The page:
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Traditional Woodworking Tours #3: Virginia's Frontier Culture Museum – 1740s Settlement

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Blog entry by WoodAndShop posted 05-14-2014 06:49 PM 1250 reads 1 time favorited 6 comments Add to Favorites Watch
« Part 2: Wayne Henderson Guitars - Rugby, Virginia Part 3 of Traditional Woodworking Tours series Part 4: 1820s Tool Chest at the Frontier Culture Museum »

By Joshua Farnsworth (Writer at WoodAndShop.com)

My family and I recently visited one of my new favorite woodworking destinations: The Frontier Culture Museum in Staunton, Virginia (see the above video). We planned to stay 2 hours, but stayed 6. I loved my visit and the historical tools and furniture so much that I went back a week later to interview the head furniture makers. So I’ll be sharing several upcoming videos & photos from my two visits. Some of them will focus just on the furniture.

The Frontier Culture Museum is unlike anything I’ve encountered. The organization has disassembled actual period farms from England, Ireland, Germany, Africa, and different parts of the United States, then reconstructed them on several hundred acres of lush Virginia farmland. Why? To educate Americans on how our American farms were influenced by immigrants from overseas. You can see the different farms here.

What I found particularly fascinating was the woodworking tools and furniture displayed at each of the 10 farms. The staff actually use the respective tools to construct furniture and tools (like the below shaving horse). It is a hands on “museum” so I just helped myself to all the amazing tool chests! The staff didn’t mind. They also didn’t mind that I constantly caressed their reproduction furniture either…although I got some strange looks.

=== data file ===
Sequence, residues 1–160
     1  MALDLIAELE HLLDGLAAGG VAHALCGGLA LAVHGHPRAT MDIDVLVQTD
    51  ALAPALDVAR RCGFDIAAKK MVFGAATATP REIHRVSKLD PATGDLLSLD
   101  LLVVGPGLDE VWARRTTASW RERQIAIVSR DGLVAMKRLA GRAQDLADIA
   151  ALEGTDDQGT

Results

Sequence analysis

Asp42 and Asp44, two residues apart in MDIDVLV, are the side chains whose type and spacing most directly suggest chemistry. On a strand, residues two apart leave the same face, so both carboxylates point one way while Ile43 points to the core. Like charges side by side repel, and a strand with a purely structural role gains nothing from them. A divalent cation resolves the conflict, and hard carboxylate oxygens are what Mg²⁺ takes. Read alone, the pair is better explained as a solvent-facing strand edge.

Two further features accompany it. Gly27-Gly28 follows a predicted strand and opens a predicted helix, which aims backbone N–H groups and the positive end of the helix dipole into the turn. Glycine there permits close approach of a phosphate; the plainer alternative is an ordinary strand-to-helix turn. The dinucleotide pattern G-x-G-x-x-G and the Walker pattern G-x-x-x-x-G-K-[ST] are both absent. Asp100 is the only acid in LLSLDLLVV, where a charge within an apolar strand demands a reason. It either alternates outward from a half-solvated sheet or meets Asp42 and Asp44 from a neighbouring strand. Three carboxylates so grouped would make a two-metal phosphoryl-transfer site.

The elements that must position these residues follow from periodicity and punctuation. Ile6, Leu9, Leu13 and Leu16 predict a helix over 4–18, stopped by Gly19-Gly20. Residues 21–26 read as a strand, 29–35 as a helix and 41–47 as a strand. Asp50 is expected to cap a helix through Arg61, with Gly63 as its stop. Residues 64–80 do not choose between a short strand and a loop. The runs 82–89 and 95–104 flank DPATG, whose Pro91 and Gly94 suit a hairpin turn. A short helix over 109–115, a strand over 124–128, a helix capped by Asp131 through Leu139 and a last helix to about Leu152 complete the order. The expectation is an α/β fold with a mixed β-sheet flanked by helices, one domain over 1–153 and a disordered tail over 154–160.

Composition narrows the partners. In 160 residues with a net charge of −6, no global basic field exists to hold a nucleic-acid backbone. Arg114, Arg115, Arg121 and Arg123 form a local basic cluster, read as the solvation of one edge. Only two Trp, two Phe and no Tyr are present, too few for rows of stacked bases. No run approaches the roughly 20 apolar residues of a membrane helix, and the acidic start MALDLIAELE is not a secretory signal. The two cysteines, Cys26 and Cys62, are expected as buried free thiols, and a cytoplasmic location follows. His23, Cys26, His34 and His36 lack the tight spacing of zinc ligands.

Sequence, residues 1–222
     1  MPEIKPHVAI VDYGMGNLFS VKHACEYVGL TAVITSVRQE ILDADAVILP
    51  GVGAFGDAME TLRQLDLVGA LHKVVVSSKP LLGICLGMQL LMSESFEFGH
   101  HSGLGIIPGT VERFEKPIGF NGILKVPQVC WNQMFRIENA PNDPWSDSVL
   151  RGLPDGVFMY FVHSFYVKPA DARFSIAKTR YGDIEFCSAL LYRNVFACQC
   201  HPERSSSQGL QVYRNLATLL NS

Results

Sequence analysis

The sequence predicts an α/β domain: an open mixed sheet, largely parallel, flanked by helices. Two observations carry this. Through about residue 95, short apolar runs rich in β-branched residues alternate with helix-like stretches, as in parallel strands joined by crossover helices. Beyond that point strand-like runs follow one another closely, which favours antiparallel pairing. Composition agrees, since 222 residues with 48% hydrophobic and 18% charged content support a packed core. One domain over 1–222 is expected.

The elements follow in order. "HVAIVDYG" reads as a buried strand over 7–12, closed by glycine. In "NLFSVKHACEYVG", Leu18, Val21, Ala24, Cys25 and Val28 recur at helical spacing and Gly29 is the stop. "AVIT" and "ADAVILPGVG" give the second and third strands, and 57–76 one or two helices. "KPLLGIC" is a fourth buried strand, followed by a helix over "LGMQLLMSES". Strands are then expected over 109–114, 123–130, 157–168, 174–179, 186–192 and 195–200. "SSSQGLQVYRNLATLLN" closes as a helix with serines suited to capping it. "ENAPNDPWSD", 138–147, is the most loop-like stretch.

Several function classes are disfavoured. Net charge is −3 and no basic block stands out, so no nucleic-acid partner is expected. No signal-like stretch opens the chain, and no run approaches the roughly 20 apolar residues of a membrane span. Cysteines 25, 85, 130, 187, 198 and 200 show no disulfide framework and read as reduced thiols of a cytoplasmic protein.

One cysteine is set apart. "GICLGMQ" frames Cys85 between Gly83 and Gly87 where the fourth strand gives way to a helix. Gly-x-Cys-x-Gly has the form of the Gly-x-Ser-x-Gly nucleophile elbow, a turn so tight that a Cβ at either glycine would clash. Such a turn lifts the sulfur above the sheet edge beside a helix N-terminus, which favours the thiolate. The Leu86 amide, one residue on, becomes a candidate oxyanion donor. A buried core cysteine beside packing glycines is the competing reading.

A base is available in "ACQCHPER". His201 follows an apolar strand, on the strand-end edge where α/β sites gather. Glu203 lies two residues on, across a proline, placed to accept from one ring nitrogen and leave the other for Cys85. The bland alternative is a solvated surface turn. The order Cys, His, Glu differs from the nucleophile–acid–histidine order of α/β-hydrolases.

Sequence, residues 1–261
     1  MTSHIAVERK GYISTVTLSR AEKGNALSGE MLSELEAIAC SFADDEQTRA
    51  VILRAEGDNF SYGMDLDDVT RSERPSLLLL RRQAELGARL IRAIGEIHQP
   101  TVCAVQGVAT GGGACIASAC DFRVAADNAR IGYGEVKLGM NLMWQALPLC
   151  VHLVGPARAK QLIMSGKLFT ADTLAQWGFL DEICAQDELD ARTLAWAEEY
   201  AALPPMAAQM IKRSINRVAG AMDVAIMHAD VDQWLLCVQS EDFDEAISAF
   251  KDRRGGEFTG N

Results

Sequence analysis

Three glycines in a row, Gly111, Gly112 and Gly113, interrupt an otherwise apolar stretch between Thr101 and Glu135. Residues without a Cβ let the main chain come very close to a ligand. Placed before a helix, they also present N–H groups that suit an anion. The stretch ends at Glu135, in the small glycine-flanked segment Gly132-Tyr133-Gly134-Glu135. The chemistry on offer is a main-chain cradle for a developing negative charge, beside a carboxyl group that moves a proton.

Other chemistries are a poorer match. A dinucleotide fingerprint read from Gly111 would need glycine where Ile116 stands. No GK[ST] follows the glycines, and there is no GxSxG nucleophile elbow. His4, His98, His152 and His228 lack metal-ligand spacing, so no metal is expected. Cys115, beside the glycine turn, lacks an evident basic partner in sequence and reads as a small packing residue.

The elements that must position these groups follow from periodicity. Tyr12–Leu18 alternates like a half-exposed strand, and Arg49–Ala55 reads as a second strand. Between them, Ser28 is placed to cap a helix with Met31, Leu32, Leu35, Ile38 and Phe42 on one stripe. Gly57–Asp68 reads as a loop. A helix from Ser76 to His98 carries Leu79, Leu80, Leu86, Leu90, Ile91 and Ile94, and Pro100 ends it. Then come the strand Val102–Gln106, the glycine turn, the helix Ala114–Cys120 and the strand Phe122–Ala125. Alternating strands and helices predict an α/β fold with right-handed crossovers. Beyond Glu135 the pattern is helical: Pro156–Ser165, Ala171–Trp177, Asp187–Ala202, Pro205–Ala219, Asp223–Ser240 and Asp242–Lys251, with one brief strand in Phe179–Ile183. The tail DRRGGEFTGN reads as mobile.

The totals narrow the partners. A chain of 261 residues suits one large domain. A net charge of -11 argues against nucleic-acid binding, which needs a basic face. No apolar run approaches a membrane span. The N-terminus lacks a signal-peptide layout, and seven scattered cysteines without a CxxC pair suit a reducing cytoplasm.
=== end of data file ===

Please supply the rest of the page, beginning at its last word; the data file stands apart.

This fellow (below) grew up in the big city but longed for a job that would give him a taste of a simpler time. He glowed as he showed me some of his woodworking projects, especially his mostly-completed shaving horse:

I felt so refreshed by my time on these farms!

I’ll be sharing a series of these workshops & tool chests, so make sure you subscribe to have my future articles delivered to your inbox.

-- Joshua Farnsworth - Free Traditional Hand Tool Woodworking Tutorials: http://WoodAndShop.com



6 comments so far

View Bill White's profile

Bill White

3541 posts in 2684 days


#1 posted 05-14-2014 07:28 PM

More! More!
Wanna see more.
Get my point? :)
Bill

-- bill@magraphics.us

View WoodAndShop's profile

WoodAndShop

145 posts in 233 days


#2 posted 05-14-2014 08:24 PM

Alright, alright Bill…I’ll share more! :) I’ve got a lot of footage to share of this amazing place, and other traditional workshops. Have you subscribed to my blog posts or my YouTube channel? You won’t miss any then!

-- Joshua Farnsworth - Free Traditional Hand Tool Woodworking Tutorials: http://WoodAndShop.com

View clieb91's profile

clieb91

3300 posts in 2659 days


#3 posted 05-15-2014 02:15 AM

Joshua, Thanks for the heads up. This sounds like a great trip for my daughter and I.

CtL

-- Chris L. "Don't Dream it, Be it."- PortablePastimes.com (Purveyors of Portable Fun and Fidgets)

View Tim Dahn's profile

Tim Dahn

1476 posts in 2289 days


#4 posted 05-15-2014 10:18 AM

Great Joshua, the Frontier Culture Museum is a wonderful look into the past. I’m lucky to live just a few miles from there.

-- Good judgement comes from experience and experience comes from poor judgement.

View lumberdog's profile

lumberdog

227 posts in 1991 days


#5 posted 05-15-2014 10:47 AM

My family and i was there in the late 70s, and i have wanted to go back, i see it has grown quite a bit. i will be looking forward to any future post. Thank you for bringing it to fellow LJs attention.

-- Lumberdog.. Michigan

View WoodAndShop's profile

WoodAndShop

145 posts in 233 days


#6 posted 05-15-2014 01:40 PM

Hey guys (Chris, Tim, & Lumberdog), I’m glad that you all enjoyed it! Feel free to subscribe to my blog (here) to be notified of the following segments.

-- Joshua Farnsworth - Free Traditional Hand Tool Woodworking Tutorials: http://WoodAndShop.com

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